Zhu Xi's choice, historical criticism and influence—An analysis of Zhu Xi's relationship with Confucianism and Buddhism
David Bourget (Western Ontario)
David Chalmers (ANU, NYU)
Rafael De Clercq
Jack Alan Reynolds
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Frontiers of Philosophy in China 6 (4):521-548 (2011)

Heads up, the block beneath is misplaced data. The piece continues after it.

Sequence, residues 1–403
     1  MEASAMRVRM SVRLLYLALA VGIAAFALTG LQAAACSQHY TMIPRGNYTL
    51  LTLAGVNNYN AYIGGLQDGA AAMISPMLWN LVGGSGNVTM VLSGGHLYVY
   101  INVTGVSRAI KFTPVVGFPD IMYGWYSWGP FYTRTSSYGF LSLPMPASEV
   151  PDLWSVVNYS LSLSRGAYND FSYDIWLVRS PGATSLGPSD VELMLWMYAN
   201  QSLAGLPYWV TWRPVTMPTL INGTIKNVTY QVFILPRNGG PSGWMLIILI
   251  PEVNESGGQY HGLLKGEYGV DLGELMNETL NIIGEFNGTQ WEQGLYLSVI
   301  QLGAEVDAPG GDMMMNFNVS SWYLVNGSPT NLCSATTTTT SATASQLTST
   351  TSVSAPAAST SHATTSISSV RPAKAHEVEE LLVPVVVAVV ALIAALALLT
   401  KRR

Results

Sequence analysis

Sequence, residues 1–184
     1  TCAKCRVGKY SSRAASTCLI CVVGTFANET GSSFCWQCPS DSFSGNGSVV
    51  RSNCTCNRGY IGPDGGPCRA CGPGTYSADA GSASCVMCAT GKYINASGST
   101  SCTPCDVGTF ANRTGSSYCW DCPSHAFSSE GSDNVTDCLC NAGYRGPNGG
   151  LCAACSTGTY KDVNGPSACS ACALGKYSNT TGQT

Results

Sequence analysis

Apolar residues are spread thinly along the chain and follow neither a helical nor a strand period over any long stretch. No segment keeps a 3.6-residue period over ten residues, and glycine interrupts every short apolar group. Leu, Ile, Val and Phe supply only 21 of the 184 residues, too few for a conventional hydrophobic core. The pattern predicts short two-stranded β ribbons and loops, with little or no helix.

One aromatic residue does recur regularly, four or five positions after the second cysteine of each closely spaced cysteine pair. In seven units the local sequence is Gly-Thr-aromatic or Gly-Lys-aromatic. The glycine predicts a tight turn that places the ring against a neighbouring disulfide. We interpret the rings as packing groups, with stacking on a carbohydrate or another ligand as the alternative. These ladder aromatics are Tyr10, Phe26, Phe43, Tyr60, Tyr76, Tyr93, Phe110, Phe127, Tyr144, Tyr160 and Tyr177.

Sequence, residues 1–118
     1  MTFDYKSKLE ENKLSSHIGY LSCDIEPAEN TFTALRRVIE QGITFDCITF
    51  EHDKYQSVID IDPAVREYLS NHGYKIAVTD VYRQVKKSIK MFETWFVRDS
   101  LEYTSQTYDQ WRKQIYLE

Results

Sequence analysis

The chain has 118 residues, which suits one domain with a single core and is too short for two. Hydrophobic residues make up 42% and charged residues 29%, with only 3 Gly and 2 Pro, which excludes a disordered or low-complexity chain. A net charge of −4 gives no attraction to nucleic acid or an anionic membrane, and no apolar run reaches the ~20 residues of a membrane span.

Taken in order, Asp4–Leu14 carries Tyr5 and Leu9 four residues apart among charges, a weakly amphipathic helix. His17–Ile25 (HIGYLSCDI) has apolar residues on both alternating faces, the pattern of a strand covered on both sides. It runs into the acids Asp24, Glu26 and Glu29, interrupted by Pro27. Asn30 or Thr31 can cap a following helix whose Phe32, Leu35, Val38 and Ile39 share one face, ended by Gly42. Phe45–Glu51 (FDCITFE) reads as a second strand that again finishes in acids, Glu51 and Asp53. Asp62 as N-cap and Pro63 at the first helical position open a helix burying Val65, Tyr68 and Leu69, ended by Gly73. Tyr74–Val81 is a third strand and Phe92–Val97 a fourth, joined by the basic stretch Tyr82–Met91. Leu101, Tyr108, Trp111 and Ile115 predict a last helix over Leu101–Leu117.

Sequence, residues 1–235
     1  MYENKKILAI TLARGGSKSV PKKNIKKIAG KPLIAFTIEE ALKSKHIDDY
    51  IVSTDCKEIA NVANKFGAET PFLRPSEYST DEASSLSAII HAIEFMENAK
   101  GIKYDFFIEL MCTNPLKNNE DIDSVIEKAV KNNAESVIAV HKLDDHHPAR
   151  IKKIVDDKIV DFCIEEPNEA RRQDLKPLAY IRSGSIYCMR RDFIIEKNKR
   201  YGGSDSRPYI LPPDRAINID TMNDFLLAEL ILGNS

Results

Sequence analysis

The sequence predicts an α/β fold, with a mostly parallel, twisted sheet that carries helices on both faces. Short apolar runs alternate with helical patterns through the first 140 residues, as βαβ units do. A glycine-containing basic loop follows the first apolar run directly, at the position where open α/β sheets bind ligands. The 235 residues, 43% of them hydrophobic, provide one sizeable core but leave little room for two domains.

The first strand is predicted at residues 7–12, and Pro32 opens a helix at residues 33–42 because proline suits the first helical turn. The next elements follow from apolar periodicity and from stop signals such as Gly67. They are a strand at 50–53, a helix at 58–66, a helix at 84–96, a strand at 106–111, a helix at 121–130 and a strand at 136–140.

As a great synthesist for the School of Principles of the Northern and Southern Song dynasties, Zhu Xi’s influence over the School of Principles was demonstrated not only through his positive theoretical creation, but also through his choice and critical awareness. Zhu’s relationship with Confucianism and Buddhism is a typical case; and his activities, ranging from his research of Buddhism (the Chan School) in his early days to his farewell to the Chan School as a student of Li Dong from Yanping and then to his critical awareness of the Chan School, developed in his association with Wang Yingchen, set the entire course of his relationship with Confucianism and Buddhism. It fostered his antagonistic attitude towards the Chan School, which lasted his entire life. Zhu approached the Chan School mainly as an objective social and cultural phenomenon; his discrimination between Confucianism and Buddhism was from an epistemological point of view; and his refutation of the Chan School was mainly from the point of view of language and methodology, an antagonistic attitude of how to face learning. Therefore, his opposition to the Chan School not only directly fostered an awareness of the Confucians of the Ming dynasty against Buddhism, who simply viewed the latter as an external and objective existence, but to a certain extent resulted in the disappearance of the transcendence of the School of Principles, and caused a total change in academic direction during the Ming and Qing dynasties and the formation of the Qianjia Hanxue . What is more, such an opposition to Buddhism continues to influence people’s understanding of the School of Principles.
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